Discussion: (0 comments)
There are no comments available.
View related content: Health Care
Donating money to boost African access to essential drugs is a wonderful thing. But unless philanthropists insist on market principles in the continent’s drug market, and until they apply necessary due diligence when cutting checks, their aid stands to be hijacked by governmental opportunism, incompetence and corruption.
So far, donors have focused almost exclusively on lowering drug prices to improve access. They have subsidized drugs, demanded lower prices from innovator companies, and have weakened patent law to increase generic competition. Many are now pushing for African production of medicines, but the result so far has been higher costs and probably inferior drugs. In addition, donors are repeatedly awarding large contracts to cheap but erratic suppliers, costing lives.
East Africa offers all too many examples. Tanzania imposes a 10% tariff on drug imports to protect local producers, but fails to measure the true costs in higher prices to patients. Kenya has numerous unproven producers, contributing to a vast local market–an astonishing 200 different antimalarial brands are on sale across Kenya. But most of these are not registered, and according to the government’s own figures, at least 18% are substandard.
Uganda may have made even worse decisions. The government has invested tens of millions of dollars into Kampala-based Quality Chemical Industries Ltd, or QCIL, and holds a 22% stake in the company. QCIL was supposed to provide much-needed antimalarials and HIV antiretrovirals, but production is behind schedule and quality is uncertain. And given its small local market, QCIL may never be able to take advantage of economies of scale, so will always be outcompeted.
Worse, bungling begets scandal. Some weeks ago, when numerous Ugandan clinics had run out of HIV drugs, the country’s ministry of health diverted $15 million, which had been earmarked by donors for purchasing antiretrovirals, to support QCIL and pay public health workers. Denmark’s International Development Agency now wants an investigation into this unauthorized diversion of funds, which were supplied by the international community. This would be welcome, since Uganda’s national procurement and distribution system recently admitted that 93% of the drugs it purchased did not reach intended recipients. This woeful outcome undoubtedly resulted in unnecessary death and suffering.
Meanwhile, QCIL is demanding a 15% tariff on foreign competitors, and an extended tax holiday, further cash injections, and guaranteed contracts for itself. Given the firm’s political connections, notably its backing by Vice President Gilbert Bukenya, Kampala might soon be persuaded to give QCIL what it wants, to the detriment of Uganda’s sick.
QCIL and protectionism are not Uganda’s only drug problem. The country also suffers from an overzealous drive to cure on the cheap, as it copies Kenya’s dreadful decision in August 2008 to award a public contract for an antimalarial drug to Ajanta Pharmaceuticals of India. At that time. Ajanta’s antimalarial, Artefan, had not been approved by the World Health Organization, or WHO, yet Kenya still used $11m of Global Fund grant money to procure 7 million treatments from Ajanta – even though the public-private fund says it only buys proven, quality medicines. Ajanta had won the contract because it was roughly a third cheaper than the WHO-approved competitor products.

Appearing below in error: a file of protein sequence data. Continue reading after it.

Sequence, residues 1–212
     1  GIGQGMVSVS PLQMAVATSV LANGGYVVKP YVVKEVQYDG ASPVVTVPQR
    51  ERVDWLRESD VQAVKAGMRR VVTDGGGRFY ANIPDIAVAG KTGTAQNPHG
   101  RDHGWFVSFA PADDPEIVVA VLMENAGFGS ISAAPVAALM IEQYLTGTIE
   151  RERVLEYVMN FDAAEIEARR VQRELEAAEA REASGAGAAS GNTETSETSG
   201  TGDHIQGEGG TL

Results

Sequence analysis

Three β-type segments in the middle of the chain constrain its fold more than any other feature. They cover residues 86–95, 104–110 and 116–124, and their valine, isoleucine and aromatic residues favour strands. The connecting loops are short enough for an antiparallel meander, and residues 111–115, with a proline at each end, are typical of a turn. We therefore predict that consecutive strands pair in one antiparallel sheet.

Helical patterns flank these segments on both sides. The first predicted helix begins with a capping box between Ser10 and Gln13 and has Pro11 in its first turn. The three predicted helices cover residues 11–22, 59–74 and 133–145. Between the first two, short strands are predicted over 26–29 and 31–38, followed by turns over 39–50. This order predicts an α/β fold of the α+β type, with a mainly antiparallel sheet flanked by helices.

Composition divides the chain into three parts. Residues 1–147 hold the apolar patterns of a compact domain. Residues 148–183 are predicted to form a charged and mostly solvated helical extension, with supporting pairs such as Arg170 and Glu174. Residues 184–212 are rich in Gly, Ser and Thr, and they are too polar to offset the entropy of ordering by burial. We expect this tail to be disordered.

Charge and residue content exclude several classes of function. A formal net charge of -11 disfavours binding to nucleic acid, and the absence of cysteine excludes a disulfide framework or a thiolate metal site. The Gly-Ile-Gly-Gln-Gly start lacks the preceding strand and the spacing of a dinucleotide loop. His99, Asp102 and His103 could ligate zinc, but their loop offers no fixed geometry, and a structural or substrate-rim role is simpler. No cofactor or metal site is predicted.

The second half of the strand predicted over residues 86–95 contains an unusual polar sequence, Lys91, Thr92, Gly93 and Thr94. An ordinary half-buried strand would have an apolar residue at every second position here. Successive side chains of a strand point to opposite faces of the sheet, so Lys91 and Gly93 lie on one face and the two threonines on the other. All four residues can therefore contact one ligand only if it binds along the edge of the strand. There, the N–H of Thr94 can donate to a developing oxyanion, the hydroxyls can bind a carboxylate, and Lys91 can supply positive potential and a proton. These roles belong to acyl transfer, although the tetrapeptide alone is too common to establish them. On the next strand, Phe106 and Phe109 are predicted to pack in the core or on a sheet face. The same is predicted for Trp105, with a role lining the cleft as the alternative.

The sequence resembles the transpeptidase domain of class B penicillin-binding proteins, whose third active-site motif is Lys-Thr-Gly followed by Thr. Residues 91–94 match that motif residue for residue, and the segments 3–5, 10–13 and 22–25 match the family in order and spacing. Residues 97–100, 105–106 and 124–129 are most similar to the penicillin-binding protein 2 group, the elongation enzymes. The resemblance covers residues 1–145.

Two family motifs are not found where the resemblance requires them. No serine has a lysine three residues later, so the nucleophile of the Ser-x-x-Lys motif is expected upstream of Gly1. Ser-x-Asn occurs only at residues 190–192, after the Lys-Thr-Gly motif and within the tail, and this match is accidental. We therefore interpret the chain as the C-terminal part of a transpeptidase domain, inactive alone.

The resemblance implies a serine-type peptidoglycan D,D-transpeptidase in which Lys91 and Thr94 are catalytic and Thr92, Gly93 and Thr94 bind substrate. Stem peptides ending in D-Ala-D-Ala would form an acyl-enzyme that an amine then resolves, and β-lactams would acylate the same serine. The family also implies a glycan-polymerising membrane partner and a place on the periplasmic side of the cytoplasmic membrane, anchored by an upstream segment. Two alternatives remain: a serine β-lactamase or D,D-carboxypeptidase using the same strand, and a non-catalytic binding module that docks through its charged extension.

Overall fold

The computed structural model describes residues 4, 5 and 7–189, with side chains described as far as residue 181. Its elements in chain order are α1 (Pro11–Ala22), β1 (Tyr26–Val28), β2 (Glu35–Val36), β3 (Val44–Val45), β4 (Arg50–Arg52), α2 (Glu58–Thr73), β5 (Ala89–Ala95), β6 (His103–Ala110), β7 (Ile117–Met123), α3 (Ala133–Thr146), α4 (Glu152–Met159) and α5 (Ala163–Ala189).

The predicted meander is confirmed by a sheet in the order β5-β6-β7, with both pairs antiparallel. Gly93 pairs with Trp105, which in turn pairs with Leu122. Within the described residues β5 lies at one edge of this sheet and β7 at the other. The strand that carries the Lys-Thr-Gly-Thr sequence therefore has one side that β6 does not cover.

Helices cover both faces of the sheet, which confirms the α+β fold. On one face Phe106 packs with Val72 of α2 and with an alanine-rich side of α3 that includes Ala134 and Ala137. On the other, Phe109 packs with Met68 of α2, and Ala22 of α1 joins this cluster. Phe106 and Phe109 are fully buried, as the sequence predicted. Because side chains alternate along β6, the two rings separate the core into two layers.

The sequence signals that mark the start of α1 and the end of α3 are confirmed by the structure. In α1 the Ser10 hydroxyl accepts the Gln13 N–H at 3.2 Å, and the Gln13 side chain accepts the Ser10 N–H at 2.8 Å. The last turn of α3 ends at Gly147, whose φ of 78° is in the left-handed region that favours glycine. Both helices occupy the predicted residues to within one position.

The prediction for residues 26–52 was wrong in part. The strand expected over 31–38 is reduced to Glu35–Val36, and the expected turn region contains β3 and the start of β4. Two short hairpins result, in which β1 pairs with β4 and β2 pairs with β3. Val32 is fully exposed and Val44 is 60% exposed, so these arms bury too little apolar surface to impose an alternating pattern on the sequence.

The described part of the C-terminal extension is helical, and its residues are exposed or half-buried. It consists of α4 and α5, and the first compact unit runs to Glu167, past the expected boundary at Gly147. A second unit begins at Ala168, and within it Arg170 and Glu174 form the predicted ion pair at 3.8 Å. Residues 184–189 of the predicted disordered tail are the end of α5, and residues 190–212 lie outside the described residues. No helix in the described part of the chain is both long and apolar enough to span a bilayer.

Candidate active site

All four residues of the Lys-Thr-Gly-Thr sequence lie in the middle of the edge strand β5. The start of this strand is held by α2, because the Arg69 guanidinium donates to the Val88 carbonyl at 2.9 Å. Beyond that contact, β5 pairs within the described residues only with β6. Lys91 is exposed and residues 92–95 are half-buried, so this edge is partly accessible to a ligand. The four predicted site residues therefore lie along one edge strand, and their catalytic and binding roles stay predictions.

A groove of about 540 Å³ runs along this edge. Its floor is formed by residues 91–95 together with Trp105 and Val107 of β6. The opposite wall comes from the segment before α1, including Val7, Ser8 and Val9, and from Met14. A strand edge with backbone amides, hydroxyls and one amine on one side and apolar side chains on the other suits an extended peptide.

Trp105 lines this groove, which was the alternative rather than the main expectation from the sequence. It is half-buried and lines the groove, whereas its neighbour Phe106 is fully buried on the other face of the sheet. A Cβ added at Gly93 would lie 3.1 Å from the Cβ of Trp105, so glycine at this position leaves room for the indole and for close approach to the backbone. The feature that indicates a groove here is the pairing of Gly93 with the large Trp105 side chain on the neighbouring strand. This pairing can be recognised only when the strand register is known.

In December 2008, Ajanta finally delivered the drugs, but three months late, and less than a fifth of the total amount ordered. Some of the packages were also missing pills, rendering many of them useless.
As a result, the U.S. had to provide emergency supplies of other approved antimalarial drugs at considerable cost. Even so, stocks were low for many months. There is no doubt that Nairobi’s decision to award the contract to Ajanta cost lives and money. Perhaps more worryingly, the Global Fund supported the move, against its own policy of only paying for WHO-approved products. Artefan was finally approved by the U.N. health organization late in 2008—more than three months after Nairobi approved the purchase. WHO earlier this year issued a notice of concern about the product, which it has since withdrawn. Still, other drug purchasers should have been wary.
But when it came time for Uganda to hold its tender earlier this year, Ajanta was once again the surprise provisional winner. This time its winning bid of some $18 million was only 3% cheaper than the competition, and was even increased afterwards by just over $100,000, against the rules of open tenders. Once again the Global Fund seems happy with the result, as does the Ugandan health minister. Both have been assured that the problem in Kenya was the fault of the Kenyans, not Ajanta.
While it is true that Kenya horribly mismanaged its allocations, Uganda was reckless to follow its lead. Right now Uganda has clinics without the requisite drugs, yet no date has been set for delivery of Ajanta’s product. Will donors in Washington and beyond be asked again to bail out an African government due to sloppy tendering? And what is the Global Fund’s role in all of this? The fund, like other donors, has a duty to ensure that the companies that win bids for its monies can actually deliver as promised. This shambles is costing the lives of countless Ugandans.
Roger Bate is the Legatum Fellow in Global Prosperity at AEI.
There are no comments available.
1150 17th Street, N.W. Washington, D.C. 20036
© 2014 American Enterprise Institute for Public Policy Research